Economy of Communion Part IV: The Crucible of EoC Enterpreneurship

John Gallagher


Businesses are there to serve people and not only the  share holders or stakeholders. And rather than spirituality serving the business, the business must serve spirituality.

The Economy of Communion entrepreneur has a unique social role. He carries in his shoulders the problems of his own family, those of his friends and neighbors and also those of his community. He is therefore immersed in the challenges of everyday life…” This entrepreneur intentionally takes on a “layer” of responsibility that a non-entrepreneur does not.

This is not to elevate the entrepreneur in any way or to privilege entrepreneurial responsibilities over any other responsibilities. It is simply to note that the entrepreneur, in the very act of starting a business and sustaining a business, also takes on a very real responsibility for a particular set of relationships that are now governed by the business. And, the entrepreneur takes on a responsibility for the business itself.  To my mind, this places the entrepreneur in a crucible of formation that is a different from other life and livelihood choices and vocations.

As mentioned, these relationships include employees, customers, competitors, creditors, investors, advisers, family, friends, the local community, the wider community, and the state.  He takes on the responsibility for the company itself as well and so decisions must be taken that consider the future and sustainability of the company itself.

This is true of all entrepreneurial ventures – that there is a set of responsibilities assumed.  There are two important implications for the EoC entrepreneur in this argument.  First, there is long tradition of received wisdom and practical experience about how to be a successful businessperson.  We know much about the mechanics of business – operations and finance so to speak, and indeed in our global economic system business practices are similar and widespread.  But there is a very real problem at the heart of our best business and management thinking, and this is the question of instrumentality which in turn is a question about the fundamental purpose of business.  One dominant view is that the purpose of business is to satisfy shareholders.  This has the effect of instrumentalizing every aspect of the business, including most of its persons, to the interests of a much smaller group of persons, the shareholders.  Everything about the business including, employees, customers, suppliers, competitors, become a means to the shareholder’s ends, which is generally characterized as profit maximization.

This shareholder view of business is somewhat countermanded by a stakeholder view of business whereby, the purpose of business extends beyond the narrow interests of shareholders to include the interests of a wide range of possible constituents; namely, anyone with a “stake” in the enterprise.  This view at least opens the possibility for considering the legitimate needs and aspirations of all persons associated with the enterprise.  But in the end, this view of business also takes an instrumental view.  Persons are still the means to other ends.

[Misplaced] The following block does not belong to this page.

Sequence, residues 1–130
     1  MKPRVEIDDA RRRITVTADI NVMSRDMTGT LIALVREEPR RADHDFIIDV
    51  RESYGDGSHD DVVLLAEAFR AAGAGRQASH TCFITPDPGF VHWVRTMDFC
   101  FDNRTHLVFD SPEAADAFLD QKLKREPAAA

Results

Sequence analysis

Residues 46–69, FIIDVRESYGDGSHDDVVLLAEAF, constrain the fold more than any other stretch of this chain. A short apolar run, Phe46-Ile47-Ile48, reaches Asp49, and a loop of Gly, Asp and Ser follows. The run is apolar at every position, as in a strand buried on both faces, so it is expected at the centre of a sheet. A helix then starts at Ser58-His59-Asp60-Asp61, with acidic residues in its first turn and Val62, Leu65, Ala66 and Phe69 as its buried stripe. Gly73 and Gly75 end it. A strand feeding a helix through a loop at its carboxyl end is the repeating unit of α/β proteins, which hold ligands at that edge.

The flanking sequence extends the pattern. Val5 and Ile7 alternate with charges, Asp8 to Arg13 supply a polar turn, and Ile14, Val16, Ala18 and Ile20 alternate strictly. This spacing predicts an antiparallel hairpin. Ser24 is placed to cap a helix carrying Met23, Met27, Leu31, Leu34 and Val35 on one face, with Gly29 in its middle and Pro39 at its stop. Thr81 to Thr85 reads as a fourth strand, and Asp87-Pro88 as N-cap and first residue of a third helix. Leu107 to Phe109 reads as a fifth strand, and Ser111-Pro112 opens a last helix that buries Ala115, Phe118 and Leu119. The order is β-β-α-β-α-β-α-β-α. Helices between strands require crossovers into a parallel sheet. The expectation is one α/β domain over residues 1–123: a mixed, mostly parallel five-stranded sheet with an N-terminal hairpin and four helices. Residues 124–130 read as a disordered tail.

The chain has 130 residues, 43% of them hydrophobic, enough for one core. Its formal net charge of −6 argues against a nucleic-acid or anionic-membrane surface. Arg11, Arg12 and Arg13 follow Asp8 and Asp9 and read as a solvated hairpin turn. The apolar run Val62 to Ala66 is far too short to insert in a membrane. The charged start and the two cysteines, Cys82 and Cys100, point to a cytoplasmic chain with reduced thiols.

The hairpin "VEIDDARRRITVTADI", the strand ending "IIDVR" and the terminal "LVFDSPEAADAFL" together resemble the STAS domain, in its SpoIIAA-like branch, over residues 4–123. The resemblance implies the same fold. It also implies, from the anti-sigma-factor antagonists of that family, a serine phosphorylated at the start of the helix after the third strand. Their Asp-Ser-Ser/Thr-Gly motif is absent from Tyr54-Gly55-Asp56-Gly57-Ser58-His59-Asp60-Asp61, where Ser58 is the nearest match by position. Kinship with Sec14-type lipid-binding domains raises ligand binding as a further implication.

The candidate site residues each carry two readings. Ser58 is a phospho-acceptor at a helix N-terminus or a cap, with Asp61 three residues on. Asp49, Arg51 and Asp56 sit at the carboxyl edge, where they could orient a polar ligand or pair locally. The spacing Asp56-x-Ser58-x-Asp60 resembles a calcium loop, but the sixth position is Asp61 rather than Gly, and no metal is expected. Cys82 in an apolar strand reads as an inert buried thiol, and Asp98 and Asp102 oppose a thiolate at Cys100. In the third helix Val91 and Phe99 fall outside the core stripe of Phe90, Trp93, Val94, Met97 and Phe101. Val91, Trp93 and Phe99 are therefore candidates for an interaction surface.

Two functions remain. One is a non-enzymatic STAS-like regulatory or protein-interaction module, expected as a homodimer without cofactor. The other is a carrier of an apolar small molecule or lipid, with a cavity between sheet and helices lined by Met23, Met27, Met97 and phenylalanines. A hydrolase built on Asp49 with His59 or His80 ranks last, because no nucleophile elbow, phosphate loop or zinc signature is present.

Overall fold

The second implication is that in addition to the received wisdom of management theory, there is currently a great deal of interest in ideas about faith and spirituality in the work place.  This interest might be in issues related to “religious freedom” in the workplace; namely the extent to which a business should make allowances for various religious practices and traditions of employees, or in issues related to the imposition of particular “religious values” among employees.  Some argue that the workplace should be strictly secular, while others argue that tangible benefits arise from explicitly faith-based values in the workplace.  The problem with this strain of thinking, however, is that in almost all cases, religious freedom, religious values, faith, and spirituality are all viewed as instrumental to the demands of the business.  That is, more often than not, the central question revolves around whether or not spirituality can make the business more successful and more profitable.

So, for the Economy of Communion entrepreneur, not only have they taken on a particular set of responsibilities to a broader and wider group of persons, but they also take on these challenges of instrumentality.  For an EOC entrepreneur, rather than persons serving the business, the business must serve persons.  And rather than the spirituality serving the business, the business must serve the spirituality. These challenges form the crucible of EOC entrepreneurship. For many EOC entrepreneurs, their business practices, decisions, policies, are formed in this very crucible; formed in the day-to-day experience.  The EOC entrepreneur may very well grapple with questions, problems, difficulties, situations, where answers are not readily available.  The formation of EOC entrepreneurs then is a challenge for the EOC in the future, for it is not enough to simply encourage people to become entrepreneurs.  We must learn to live in the crucible.

Paul Kisolo: Executive Consultant KARDS

Milicent Agutu: Administrator KARDS

Francis Owino: Administrator REG


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